The effect of the contemporary Rousseauist ideas of social contract was to place the present members of society in a position of dictatorial dominance over those who went before and those who came after them . In Burkes eyes the self-righteous contempt for ancestors which characterized the Revolutionaries was also a disinheriting of the unborn. Rightly understood, he argued, society is a partnership among the dead, the living, and the unborn, and without what he called the hereditary principle, according to which rights could be inherited as well as acquired, both the dead and the unborn would be disenfranchized. Indeed, respect for the dead was, in Burkes view, the only real safeguard that the unborn could obtain, in a world that gave all its privileges to the living. His preferred vision of society was not as a contract, in fact, but as a trust, with the living members as trustees of an inheritance that they must strive to enhance and pass on.
but I had not grasped the deep negative thesis, the glimpse into Hell, contained in [Burkes] vision of the Revolution .
Perhaps the most fascinating and terrifying aspect of Communism was its ability to banish truth from human affairs, and to force whole populations to live within the lie, as President Havel put it . To me it was the greatest revelation, when first I travelled to Czechoslovakia in 1979, to come face to face with a situation in which people could, at any moment, be removed from the book of history, in which truth could not be uttered, and in which the Party could decide from day to day not only what would happen tomorrow, but also what had happened today, what had happened yesterday, and what had happened before its leaders had been born. This, I realized, was the situation that Burke was describing, to a largely incredulous readership, in 1790. And two hundred years later the situation still existed, and the incredulity along with it.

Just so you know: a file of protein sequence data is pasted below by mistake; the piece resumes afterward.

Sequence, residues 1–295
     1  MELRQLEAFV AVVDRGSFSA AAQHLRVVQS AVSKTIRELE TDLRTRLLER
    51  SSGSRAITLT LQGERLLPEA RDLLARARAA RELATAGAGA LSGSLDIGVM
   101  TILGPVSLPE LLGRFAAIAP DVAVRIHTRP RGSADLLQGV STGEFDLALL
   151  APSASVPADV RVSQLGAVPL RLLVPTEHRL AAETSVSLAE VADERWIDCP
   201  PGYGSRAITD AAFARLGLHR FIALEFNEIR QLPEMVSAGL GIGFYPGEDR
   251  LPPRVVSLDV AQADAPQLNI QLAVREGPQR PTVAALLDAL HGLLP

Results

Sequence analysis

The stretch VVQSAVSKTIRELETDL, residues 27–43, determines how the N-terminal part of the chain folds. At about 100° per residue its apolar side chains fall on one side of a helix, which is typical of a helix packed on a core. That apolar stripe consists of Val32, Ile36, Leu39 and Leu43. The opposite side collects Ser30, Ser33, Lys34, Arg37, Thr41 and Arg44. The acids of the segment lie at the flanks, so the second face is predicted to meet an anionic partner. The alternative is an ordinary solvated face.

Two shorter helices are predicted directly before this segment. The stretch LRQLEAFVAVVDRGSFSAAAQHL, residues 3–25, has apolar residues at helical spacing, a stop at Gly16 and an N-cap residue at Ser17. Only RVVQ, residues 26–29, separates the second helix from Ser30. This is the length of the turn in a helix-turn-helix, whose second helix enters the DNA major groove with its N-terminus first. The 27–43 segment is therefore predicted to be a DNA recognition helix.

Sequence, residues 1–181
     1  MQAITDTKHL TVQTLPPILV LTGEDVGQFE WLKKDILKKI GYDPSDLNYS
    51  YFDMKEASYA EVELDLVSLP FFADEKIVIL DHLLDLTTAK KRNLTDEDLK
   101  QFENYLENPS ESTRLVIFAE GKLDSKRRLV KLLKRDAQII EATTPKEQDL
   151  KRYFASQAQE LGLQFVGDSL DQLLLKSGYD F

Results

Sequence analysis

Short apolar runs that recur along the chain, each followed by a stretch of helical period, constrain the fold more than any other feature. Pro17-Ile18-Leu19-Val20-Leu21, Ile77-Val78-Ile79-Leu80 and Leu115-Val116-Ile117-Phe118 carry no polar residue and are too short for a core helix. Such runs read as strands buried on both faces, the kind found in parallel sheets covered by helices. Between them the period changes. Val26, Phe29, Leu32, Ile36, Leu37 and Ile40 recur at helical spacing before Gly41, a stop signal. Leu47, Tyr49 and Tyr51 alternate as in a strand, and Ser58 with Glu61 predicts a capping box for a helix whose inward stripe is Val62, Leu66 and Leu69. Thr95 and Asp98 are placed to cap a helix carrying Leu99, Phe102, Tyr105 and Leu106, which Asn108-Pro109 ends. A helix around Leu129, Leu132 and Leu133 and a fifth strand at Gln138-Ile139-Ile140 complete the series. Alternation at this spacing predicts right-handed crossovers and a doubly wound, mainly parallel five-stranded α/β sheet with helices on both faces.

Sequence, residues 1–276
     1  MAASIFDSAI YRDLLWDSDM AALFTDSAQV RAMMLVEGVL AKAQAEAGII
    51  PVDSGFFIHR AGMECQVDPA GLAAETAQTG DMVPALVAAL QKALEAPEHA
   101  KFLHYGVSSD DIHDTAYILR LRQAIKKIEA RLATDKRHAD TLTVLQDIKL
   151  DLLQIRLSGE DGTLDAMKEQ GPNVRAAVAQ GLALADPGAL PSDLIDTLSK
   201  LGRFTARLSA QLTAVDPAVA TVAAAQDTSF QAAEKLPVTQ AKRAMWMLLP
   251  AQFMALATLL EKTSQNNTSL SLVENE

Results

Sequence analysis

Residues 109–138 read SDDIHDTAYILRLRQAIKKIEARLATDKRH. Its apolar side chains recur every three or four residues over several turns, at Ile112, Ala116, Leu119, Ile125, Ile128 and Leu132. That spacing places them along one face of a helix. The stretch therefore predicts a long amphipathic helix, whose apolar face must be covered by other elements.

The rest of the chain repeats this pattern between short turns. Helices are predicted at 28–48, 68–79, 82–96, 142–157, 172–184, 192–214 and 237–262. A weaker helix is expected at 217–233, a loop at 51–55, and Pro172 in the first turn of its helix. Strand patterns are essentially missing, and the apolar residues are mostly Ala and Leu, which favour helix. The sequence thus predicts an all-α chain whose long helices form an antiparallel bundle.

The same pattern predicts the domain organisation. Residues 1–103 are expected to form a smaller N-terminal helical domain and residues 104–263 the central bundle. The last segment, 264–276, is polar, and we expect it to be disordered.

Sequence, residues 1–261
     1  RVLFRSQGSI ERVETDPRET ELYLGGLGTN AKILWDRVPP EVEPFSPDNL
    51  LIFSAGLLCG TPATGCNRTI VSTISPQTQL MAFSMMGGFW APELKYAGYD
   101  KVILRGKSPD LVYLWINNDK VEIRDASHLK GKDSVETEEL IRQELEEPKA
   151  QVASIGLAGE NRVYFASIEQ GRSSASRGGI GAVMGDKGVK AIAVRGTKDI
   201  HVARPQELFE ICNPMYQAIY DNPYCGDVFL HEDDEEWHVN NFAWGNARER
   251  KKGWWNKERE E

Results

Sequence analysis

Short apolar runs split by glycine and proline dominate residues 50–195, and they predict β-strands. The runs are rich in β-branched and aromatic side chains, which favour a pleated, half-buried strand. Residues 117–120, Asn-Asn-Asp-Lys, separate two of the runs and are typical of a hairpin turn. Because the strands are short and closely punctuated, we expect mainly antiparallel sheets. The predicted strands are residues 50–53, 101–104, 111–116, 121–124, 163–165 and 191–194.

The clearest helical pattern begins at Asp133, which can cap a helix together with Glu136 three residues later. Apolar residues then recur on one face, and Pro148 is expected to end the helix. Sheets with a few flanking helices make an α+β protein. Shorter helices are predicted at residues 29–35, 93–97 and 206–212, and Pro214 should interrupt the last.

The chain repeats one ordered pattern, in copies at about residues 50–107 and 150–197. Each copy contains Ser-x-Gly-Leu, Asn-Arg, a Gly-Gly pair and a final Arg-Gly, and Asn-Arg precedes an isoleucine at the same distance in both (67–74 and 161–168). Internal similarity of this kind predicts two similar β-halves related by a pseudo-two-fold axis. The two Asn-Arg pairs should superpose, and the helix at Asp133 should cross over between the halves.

These are, indeed, exhilarating ideas, beckett. The unscrupulous modernist (rationalist) belief in progress and the future has perverted more than just modern politics it has arguably perverted science, philosophy, and art as well.
What an outstanding essay, beckett! Thank you so much for pinging it to me.
p.s.: Looks like I need to make another trip to amazon.com, for Scruton's From Descartes to Wittgenstein.